Vancouver may be known as one of the most liveable cities in the world but the housing prices are also quite high. This is in part due to an increase in Chinese homebuyers:
Buyers from mainland China are leading a wave of Asian investment in Vancouver real estate as China tries to damp property speculation at home. Good schools, a marine climate and the large, established Asian community as a result of Canada’s liberal immigration policy make Vancouver attractive, said Cathy Gong, who moved from Shanghai to the Shaughnessy neighborhood on Vancouver’s Westside about three years ago.
China, where home prices rose 28 percent in Beijing and 26 percent in Shanghai last year, according to the country’s biggest real estate website owner SouFun Holdings Ltd., has taken steps to curb property speculation within its borders. Chinese home prices gained for 19 straight months through December and climbed in almost all 70 cities tracked by the government during the first quarter. Premier Wen Jiabao placed curbs on mortgage lending, boosted down-payment requirements and limited the number of purchases.
“As the Chinese get more and more prosperous, they are diversifying their assets out of China,” said Jim Rogers, an American investor who moved to Singapore from New York four years ago so his daughters could learn Chinese. “Vancouver is very high on the list.”…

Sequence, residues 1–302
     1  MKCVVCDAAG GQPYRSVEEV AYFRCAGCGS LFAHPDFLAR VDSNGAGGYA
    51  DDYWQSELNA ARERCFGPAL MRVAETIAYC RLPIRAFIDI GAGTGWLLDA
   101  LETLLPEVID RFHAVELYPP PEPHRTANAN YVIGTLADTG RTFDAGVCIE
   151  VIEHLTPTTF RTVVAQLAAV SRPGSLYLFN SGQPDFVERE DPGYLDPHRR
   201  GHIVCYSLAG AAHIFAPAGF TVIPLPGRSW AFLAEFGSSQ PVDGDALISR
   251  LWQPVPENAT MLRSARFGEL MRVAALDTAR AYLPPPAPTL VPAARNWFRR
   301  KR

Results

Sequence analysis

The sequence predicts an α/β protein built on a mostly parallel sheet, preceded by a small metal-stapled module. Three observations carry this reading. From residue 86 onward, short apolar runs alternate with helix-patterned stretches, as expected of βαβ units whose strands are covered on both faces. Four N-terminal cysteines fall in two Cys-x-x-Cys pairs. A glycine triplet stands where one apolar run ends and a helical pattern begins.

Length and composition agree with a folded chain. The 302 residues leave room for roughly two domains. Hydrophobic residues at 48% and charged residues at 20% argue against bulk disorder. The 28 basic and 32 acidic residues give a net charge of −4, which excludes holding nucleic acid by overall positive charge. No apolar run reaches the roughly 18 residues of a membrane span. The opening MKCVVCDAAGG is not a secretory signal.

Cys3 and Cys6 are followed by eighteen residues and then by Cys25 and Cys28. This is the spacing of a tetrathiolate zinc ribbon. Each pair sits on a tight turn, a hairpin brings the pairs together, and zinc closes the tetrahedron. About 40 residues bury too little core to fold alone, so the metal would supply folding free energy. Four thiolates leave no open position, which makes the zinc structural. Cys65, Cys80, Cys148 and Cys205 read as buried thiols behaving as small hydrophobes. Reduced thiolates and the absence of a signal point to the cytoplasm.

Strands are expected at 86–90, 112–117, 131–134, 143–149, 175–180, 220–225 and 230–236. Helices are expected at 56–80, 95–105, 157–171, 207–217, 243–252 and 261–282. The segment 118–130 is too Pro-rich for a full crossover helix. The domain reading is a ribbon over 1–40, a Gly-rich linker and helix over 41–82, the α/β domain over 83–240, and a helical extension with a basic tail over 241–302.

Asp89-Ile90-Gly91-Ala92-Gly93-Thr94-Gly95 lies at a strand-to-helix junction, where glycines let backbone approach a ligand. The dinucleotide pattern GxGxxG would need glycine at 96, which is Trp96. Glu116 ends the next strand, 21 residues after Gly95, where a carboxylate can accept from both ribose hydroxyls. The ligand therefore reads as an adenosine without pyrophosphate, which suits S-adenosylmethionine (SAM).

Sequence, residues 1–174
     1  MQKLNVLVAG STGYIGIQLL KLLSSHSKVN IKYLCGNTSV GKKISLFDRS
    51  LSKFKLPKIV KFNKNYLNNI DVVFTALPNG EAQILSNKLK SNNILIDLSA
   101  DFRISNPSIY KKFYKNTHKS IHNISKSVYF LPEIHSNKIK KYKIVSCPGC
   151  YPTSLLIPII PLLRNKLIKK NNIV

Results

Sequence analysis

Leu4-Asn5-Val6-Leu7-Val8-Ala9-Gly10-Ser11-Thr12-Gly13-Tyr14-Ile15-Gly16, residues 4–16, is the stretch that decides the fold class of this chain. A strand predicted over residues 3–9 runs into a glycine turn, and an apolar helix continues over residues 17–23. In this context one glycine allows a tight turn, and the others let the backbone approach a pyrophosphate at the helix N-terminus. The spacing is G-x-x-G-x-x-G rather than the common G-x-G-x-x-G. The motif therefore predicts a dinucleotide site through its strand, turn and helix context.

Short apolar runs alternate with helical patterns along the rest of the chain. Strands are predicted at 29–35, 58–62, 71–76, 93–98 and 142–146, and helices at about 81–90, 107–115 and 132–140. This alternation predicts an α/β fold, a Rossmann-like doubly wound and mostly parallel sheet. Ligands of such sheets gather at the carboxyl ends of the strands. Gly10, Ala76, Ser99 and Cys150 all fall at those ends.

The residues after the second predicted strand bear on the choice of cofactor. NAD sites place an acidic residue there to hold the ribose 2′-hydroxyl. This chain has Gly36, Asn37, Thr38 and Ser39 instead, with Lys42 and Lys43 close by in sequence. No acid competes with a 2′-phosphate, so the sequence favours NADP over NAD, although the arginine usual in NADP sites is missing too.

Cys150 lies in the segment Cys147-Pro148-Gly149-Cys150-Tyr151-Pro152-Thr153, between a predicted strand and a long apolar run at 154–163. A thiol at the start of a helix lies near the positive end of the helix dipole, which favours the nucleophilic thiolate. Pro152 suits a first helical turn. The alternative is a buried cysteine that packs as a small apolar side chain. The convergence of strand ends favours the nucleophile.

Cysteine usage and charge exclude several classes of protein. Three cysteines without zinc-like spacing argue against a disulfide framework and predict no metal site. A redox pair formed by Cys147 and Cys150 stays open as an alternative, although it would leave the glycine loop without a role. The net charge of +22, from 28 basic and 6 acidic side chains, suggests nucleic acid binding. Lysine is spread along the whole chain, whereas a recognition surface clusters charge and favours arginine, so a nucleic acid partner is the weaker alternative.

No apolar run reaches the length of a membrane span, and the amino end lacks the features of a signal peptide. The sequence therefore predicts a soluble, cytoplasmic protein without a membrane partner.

The current group of Chinese homebuyers in Vancouver is the third “wave” from Asia since 1990, following Taiwanese and Hong Kong immigration, said Manyee Lui, a veteran Vancouver realtor. “People from mainland China are the new immigrants,” Lui said.
This is a reminder that real estate truly is a leading industry in the global economy as people from different countries seek out desirable properties. In escaping a real estate bubble in China and increased regulation but with money to spend, Chinese homebuyers are now looking at Vancouver. (Vancouver may not be the only place: I also recently wrote about a story of Chinese residents building “monster homes” in New Zealand.)
It is interesting to note the reactions of Vancouver residents: the influx of Chinese homebuyers has raised housing values, perhaps pricing others out of the market, and the schools now have a large number of non-native English speakers. At the same time, I assume Vancouver residents take pride in the cosmopolitan nature of their city. One resident mentioned the possibility of the government restricting foreign homeownership – is this really the route to go? Will this end up turning into a debate between local and global interests?